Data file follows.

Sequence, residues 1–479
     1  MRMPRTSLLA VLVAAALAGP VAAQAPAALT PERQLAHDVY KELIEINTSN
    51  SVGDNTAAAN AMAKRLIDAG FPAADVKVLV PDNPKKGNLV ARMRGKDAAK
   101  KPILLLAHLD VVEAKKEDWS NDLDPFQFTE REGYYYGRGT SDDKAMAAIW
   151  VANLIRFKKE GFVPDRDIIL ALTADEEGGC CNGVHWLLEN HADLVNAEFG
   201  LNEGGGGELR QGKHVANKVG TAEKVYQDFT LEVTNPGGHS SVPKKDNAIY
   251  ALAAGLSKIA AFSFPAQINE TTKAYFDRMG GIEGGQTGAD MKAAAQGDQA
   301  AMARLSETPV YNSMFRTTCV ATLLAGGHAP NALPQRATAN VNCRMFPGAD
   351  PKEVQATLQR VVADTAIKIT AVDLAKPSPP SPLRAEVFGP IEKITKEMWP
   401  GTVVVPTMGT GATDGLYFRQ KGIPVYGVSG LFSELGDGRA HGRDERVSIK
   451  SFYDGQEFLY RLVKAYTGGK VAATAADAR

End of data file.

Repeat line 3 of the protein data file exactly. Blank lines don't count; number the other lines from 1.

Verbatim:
    51  SVGDNTAAAN AMAKRLIDAG FPAADVKVLV PDNPKKGNLV ARMRGKDAAK